Purpose: Detecting signals of micrometastatic disease in patients with early breast cancer (EBC) could improve risk stratification and allow better tailoring of adjuvant therapies. We previously showed that postoperative serum metabolomic profiles were predictive of relapse in a single-center cohort of estrogen receptor (ER)–negative EBC patients. Here, we investigated this further using preoperative serum samples from ER-positive, premenopausal women with EBC who were enrolled in an international phase III trial.
Experimental Design: Proton nuclear magnetic resonance (NMR) spectroscopy of 590 EBC samples (319 with relapse or ≥6 years clinical follow-up) and 109 metastatic breast cancer (MBC) samples was performed. A Random Forest (RF) classification model was built using a training set of 85 EBC and all MBC samples. The model was then applied to a test set of 234 EBC samples, and a risk of recurrence score was generated on the basis of the likelihood of the sample being misclassified as metastatic.
Results: In the training set, the RF model separated EBC from MBC with a discrimination accuracy of 84.9%. In the test set, the RF recurrence risk score correlated with relapse, with an AUC of 0.747 in ROC analysis. Accuracy was maximized at 71.3% (sensitivity, 70.8%; specificity, 71.4%). The model performed independently of age, tumor size, grade, HER2 status and nodal status, and also of Adjuvant! Online risk of relapse score.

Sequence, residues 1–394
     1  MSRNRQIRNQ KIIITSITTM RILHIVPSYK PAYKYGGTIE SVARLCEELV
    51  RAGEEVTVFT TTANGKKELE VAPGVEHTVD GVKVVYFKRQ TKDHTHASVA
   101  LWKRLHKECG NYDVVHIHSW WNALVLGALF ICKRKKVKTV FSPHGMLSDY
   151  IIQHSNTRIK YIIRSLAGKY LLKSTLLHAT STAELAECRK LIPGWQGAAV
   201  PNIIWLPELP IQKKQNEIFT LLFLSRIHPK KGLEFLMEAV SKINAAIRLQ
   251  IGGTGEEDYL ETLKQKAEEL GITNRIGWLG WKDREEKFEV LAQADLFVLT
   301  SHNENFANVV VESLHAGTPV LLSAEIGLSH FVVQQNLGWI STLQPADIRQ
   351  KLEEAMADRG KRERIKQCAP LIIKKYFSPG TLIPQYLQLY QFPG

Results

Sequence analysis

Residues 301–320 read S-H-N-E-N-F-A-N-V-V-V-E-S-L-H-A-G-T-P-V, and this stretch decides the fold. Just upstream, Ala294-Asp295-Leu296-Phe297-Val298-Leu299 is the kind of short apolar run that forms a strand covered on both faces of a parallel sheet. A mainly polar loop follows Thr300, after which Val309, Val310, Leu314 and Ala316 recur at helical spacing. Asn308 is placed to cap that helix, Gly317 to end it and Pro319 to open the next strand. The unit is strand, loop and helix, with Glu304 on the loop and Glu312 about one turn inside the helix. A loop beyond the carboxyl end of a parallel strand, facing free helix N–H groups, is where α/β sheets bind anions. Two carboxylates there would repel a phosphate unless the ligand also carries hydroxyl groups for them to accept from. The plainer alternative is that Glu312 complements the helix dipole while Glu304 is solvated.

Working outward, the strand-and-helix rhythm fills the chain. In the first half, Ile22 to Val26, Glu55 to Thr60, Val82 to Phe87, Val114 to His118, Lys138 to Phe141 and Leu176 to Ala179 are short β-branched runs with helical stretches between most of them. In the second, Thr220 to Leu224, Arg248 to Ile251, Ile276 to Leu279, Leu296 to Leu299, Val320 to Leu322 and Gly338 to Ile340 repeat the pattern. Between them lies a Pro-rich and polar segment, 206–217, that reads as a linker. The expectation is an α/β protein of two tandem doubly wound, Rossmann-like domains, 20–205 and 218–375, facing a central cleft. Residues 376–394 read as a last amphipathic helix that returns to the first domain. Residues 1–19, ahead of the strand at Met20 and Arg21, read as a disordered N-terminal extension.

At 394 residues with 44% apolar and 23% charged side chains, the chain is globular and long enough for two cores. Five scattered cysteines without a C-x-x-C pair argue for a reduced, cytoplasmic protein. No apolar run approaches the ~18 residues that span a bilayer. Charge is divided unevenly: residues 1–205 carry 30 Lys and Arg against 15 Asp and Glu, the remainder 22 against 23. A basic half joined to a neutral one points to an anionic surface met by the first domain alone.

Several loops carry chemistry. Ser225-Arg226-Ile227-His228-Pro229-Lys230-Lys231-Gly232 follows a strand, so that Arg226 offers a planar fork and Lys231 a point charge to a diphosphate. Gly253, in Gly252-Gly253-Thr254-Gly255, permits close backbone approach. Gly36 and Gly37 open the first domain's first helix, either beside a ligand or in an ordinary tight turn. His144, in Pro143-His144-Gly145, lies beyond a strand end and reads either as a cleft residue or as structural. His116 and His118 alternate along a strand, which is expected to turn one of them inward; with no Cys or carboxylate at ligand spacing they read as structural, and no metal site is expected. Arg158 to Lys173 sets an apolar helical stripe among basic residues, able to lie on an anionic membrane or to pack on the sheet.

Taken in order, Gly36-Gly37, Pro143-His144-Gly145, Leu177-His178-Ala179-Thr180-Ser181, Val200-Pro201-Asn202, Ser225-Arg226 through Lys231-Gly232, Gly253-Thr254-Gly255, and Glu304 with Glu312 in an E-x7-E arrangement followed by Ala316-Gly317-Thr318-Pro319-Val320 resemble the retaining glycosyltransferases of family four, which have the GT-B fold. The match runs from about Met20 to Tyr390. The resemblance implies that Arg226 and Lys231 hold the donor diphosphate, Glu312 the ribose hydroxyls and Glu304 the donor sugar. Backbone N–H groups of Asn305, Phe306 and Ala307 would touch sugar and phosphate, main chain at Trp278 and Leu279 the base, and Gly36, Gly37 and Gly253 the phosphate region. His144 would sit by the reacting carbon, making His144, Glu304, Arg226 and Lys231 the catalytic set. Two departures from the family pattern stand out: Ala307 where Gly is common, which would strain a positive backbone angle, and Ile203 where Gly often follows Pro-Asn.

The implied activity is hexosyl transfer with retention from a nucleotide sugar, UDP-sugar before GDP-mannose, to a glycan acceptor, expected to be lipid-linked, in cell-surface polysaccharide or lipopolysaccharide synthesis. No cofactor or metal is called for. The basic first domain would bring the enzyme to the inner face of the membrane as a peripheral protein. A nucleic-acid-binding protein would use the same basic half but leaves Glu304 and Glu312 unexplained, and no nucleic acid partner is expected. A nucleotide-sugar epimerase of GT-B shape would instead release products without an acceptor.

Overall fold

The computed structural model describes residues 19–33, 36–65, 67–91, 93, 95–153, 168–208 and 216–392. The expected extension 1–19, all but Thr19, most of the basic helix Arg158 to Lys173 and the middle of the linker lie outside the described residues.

Conclusions: In a multicenter group of EBC patients, we developed a model based on preoperative serum metabolomic profiles that was prognostic for disease recurrence, independent of traditional clinicopathologic risk factors. Clin Cancer Res; 23(6); 1422–31. ©2017 AACR.
This article is featured in Highlights of This Issue, p. 1363
Note: Supplementary data for this article are available at Clinical Cancer Research Online (http://clincancerres.aacrjournals.org/).
R.R. Love, C. Luchinat, and A. Di Leo share senior authorship.
- Received May 6, 2016.
- Revision received August 24, 2016.
- Accepted August 28, 2016.
- ©2017 American Association for Cancer Research.